Supermarket ingredients provide a passage to India.

As a child in India, I was raised on meals without meat. But fat was another matter altogether. For many of my favorite dishes, my mother's first step was to sauté spices in a quarter cup of oil. This traditional Indian technique renders the spices more fragrant and digestible and flavors the oil, which in turn flavors the ingredients that are added later. My mother also used oil or the Indian staple ghee (browned clarified butter) to thicken and enrich sauces.

On the West Coast of the United States, where I now live, I follow a vegetarian diet, happy that the abundance of produce year-round makes it so easy. The classic recipes from my childhood are still the ones I like best, but today I'm more concerned about the amount of fat I consume. In this trio of complementary dishes, I've reduced the oil in a variety of ways. Roasting the eggplant instead of frying it requires less oil and imparts a smoky flavor. The tomato sauce that's served with the eggplant calls for only one tablespoon of oil, and the aromatic corn pilaf for just enough to mellow the spices. Pureed chickpeas take the place of most of the fat in the hearty chickpea and red pepper dish. While you're enjoying the meal, think about this: there's not one milligram of cholesterol in the entire menu.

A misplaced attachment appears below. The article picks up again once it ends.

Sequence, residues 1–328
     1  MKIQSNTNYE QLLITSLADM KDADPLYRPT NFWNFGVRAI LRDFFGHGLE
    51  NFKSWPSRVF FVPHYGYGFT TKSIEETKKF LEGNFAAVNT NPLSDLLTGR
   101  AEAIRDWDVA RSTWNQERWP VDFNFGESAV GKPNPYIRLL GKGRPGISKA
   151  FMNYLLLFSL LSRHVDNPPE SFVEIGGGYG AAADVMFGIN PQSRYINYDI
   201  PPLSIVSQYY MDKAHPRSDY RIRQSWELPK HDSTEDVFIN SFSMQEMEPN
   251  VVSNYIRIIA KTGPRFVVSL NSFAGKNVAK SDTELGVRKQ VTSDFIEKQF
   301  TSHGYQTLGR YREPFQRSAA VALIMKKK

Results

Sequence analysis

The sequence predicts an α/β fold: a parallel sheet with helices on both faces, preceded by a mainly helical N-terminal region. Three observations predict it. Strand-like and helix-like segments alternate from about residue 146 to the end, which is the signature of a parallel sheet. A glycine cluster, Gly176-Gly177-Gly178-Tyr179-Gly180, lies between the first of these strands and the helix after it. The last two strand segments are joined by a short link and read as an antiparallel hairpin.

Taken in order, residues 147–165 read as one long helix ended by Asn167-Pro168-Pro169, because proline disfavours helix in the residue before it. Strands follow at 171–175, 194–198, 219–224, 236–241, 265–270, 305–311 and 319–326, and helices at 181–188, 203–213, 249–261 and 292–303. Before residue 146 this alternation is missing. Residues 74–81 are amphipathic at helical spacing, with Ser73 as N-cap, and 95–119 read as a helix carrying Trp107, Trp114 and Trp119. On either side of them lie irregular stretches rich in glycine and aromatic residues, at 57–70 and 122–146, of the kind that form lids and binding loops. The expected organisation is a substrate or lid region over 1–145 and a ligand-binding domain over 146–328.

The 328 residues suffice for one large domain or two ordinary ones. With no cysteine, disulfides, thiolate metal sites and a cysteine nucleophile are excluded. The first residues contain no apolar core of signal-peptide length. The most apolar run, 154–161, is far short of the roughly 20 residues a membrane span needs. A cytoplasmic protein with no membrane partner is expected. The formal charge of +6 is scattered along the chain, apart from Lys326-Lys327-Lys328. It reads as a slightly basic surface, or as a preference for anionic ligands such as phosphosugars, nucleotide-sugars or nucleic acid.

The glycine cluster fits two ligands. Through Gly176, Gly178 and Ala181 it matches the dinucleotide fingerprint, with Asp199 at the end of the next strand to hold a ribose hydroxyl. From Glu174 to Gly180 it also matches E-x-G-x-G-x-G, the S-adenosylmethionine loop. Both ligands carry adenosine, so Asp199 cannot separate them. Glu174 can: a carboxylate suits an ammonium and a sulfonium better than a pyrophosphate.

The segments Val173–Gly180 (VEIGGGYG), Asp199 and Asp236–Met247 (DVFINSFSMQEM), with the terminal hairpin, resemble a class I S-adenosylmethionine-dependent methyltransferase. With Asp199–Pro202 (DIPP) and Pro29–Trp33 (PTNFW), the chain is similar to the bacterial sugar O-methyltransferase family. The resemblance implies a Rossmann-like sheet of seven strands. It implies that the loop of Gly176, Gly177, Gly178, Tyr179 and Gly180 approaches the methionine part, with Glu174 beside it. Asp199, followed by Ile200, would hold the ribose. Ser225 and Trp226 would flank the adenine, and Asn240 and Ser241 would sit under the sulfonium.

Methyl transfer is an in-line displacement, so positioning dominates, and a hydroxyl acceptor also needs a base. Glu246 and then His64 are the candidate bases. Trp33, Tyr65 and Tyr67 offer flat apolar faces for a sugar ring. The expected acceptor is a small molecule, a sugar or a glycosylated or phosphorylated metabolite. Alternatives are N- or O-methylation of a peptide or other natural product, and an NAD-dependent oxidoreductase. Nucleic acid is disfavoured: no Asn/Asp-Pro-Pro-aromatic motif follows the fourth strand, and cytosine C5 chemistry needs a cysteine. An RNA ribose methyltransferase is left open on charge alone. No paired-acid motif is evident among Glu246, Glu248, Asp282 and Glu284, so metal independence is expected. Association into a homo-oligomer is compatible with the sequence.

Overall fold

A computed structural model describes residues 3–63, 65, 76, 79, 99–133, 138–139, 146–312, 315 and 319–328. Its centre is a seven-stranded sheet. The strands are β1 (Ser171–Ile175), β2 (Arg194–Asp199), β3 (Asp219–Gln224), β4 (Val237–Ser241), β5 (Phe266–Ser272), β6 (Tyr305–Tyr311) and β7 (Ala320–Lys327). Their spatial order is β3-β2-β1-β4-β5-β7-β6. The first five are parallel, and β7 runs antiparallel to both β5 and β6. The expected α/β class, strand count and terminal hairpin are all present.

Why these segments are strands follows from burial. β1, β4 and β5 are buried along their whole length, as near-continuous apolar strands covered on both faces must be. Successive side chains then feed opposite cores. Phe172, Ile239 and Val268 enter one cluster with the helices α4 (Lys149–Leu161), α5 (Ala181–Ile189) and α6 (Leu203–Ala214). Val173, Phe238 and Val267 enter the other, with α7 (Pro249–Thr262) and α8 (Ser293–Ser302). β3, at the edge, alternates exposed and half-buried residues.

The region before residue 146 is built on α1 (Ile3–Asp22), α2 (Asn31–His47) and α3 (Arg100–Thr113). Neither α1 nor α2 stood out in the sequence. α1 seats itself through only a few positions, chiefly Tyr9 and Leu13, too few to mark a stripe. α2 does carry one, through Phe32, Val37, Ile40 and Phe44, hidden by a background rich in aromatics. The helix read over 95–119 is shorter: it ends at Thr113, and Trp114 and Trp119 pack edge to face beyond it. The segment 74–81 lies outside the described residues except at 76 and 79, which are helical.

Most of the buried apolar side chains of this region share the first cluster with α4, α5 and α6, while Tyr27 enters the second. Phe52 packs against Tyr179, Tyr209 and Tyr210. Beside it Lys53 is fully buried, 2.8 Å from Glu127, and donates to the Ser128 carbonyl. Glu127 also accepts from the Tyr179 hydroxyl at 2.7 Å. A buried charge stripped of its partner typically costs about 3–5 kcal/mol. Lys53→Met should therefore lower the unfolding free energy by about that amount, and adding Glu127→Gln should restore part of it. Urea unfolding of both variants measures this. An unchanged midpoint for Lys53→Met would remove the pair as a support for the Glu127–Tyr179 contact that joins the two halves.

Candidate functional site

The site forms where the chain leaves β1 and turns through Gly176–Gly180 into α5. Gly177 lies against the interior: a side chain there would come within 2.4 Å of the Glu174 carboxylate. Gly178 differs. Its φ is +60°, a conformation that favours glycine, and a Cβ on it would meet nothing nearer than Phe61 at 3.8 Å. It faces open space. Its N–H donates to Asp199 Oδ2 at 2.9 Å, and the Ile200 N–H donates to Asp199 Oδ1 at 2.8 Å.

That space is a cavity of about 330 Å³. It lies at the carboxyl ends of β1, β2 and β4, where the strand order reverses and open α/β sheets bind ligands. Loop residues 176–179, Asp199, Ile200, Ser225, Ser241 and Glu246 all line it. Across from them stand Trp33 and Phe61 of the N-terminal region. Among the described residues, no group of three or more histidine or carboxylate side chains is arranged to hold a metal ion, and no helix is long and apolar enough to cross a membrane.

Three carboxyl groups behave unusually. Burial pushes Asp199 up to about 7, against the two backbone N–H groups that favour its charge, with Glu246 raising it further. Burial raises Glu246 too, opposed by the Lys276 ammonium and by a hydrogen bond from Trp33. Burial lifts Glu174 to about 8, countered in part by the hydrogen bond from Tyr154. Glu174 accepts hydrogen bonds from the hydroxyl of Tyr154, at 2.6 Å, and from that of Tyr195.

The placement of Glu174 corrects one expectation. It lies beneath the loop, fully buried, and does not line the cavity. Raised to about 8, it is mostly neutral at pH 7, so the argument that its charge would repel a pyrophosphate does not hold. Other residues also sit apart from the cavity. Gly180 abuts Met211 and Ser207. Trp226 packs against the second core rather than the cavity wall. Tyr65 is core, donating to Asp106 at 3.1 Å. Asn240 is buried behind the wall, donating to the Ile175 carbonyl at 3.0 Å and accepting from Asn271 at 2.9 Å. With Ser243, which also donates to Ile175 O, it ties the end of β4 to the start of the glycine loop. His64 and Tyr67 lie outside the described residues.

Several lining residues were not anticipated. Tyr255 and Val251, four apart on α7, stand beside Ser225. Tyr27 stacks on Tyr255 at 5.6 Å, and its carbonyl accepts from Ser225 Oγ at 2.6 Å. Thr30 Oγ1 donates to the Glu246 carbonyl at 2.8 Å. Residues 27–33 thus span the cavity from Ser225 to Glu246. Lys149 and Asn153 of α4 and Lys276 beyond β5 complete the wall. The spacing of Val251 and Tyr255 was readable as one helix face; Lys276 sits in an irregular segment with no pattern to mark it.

Each serving of roasted eggplant, chickpea medley and corn pilaf contains less than 16 grams of fat (25 percent of the recommended daily intake).

BHARTI KIRCHNER is the author of three cookbooks. Her forthcoming book Vegetarian Burgers (HarperCollins) will be published this spring.